International Justice

CJ354 Endicott College

Reopening old wounds?

The UK newspaper, The Guardian, reported this weekend on the re-trial of Ramush Haradinaj, former leader of the Kosovo Liberation Army (KLA) and former Prime Minister of Kosovo, for war crimes. There is a significant split between the support and opposition for the retrial, after having been initially acquitted by The Hauge in 2008. Sir Geoffrey Nice, having been involved in the trial of Slobodan Milošević as a deputy prosecutor among his other work with the ICTY, commented that “Two or three teams of lawyers in the Office of the Prosecutor at the ICTY refused to indict Haradinaj because there was insufficient evidence.” He also suggested that the current retrial could be politically driven suggesting that the prosecution was pursued “Arguably for political reasons because Serbia was complaining about an insufficient number of Kosovars being pursued.” Carla Del Ponte, the former chief prosecutor of the ICTY, however, is hopeful that the trial will result in a conviction.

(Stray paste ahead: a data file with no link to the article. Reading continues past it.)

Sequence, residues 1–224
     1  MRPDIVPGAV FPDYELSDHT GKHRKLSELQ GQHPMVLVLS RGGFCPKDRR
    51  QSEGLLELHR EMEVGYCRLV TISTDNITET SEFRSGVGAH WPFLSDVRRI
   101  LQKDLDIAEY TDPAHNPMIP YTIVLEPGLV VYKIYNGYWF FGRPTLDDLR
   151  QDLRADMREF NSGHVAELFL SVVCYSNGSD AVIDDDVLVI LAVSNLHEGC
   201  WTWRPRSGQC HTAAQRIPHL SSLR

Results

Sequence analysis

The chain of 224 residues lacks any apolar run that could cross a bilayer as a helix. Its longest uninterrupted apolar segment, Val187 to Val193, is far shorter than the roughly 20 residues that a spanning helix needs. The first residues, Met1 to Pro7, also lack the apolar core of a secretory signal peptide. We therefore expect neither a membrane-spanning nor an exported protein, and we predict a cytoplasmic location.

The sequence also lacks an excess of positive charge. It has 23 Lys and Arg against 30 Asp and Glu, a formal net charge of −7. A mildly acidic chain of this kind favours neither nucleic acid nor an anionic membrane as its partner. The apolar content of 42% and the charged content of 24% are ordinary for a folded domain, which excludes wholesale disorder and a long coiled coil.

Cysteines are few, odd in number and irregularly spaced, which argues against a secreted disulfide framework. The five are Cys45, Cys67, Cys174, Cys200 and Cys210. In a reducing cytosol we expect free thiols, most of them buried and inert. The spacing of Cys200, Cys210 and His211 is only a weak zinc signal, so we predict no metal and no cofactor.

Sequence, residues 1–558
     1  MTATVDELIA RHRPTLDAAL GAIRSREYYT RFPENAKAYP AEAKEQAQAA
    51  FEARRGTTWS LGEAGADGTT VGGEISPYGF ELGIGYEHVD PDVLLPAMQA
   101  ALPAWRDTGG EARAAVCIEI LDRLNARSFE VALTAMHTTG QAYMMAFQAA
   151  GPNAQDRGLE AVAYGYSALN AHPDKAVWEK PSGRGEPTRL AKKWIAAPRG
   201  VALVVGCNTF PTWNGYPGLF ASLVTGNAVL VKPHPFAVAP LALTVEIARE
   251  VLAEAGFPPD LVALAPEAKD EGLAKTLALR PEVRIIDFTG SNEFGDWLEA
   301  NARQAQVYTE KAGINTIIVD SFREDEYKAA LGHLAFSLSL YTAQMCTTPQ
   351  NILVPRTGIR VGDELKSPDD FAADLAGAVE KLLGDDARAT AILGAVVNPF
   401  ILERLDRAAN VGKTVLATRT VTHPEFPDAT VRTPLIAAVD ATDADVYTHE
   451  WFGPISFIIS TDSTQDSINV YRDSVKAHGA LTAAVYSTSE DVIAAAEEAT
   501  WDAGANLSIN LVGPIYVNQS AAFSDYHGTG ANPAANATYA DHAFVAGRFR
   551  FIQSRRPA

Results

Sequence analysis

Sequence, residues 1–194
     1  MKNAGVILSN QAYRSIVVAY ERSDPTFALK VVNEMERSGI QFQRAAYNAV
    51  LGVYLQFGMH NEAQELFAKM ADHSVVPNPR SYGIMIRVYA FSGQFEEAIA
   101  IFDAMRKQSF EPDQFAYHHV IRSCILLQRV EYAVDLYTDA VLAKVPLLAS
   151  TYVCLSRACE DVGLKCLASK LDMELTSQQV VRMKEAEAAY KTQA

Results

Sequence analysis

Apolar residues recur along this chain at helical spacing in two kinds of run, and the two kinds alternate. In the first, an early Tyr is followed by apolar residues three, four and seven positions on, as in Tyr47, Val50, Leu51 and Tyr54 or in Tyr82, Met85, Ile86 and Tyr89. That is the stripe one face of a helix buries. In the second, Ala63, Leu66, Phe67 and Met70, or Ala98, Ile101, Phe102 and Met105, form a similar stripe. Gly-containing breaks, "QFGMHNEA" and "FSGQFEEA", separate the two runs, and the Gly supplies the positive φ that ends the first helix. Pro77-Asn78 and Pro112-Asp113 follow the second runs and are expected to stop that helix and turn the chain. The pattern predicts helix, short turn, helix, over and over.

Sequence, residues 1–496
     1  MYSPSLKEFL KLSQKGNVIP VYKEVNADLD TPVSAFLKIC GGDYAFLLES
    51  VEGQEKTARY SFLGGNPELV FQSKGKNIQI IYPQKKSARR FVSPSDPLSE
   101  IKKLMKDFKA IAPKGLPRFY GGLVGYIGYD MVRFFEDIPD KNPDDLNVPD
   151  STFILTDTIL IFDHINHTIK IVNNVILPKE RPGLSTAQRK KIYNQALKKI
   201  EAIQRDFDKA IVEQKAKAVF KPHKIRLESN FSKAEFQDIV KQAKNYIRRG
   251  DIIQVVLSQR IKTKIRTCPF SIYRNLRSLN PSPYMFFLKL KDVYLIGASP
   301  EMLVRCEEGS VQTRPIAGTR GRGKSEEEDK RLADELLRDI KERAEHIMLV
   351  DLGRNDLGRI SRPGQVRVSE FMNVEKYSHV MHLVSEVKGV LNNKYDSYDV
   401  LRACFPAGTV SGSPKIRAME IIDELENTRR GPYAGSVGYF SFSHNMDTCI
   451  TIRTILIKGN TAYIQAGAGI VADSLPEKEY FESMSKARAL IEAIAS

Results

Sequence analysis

Politically driven moves in the ICTY prosecutions have been a key criticism of the tribunal for a long time. However, Aleksandar Vulin, the head of the Serbian government office for Kosovo, brings up an interesting point, stating “An acquittal of Haradinaj by the ICTY would be a message that it is allowed to kill Serbs in Kosovo. How can we talk about the fate of missing persons, justice for those killed and return of those exiled, if a man who talk part in all this is set free?” It is once again a question of peace versus justice and striking the fine balance between the two to reach an outcome that is amicable to all the sides and does right by all the injustices committed during these atrocities.

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One response to “Reopening old wounds?

  1. mrmaroon14 December 7, 2012 at 7:35 pm

    I believe this is a perfect example of the real world struggle of Peace vs. Justice. After Haradinaj was acquitted in 2008, with much disappointment resulting from it, Kosovo was relatively peaceful with conflict associated with Haradinaj. This apparent peace though could never be sustained, due to the fact that there is a significant portion of the population that believes justice was not served in his case. Due to that belief, I think that the relative peace is over.

    The re-opening of this trial will force every one of the citizens in Kosovo to pick a side. It will do nothing but escalate once it begins. In the Akhavan article he speaks directly to the situation where states attempt to pursue peace and justice simultaneously and basically says there is no plausible way to obtain a positive outcome. This may be the situation that Kosovo finds itself in again very soon because they didn’t have enough peace to calm their hunger for justice.

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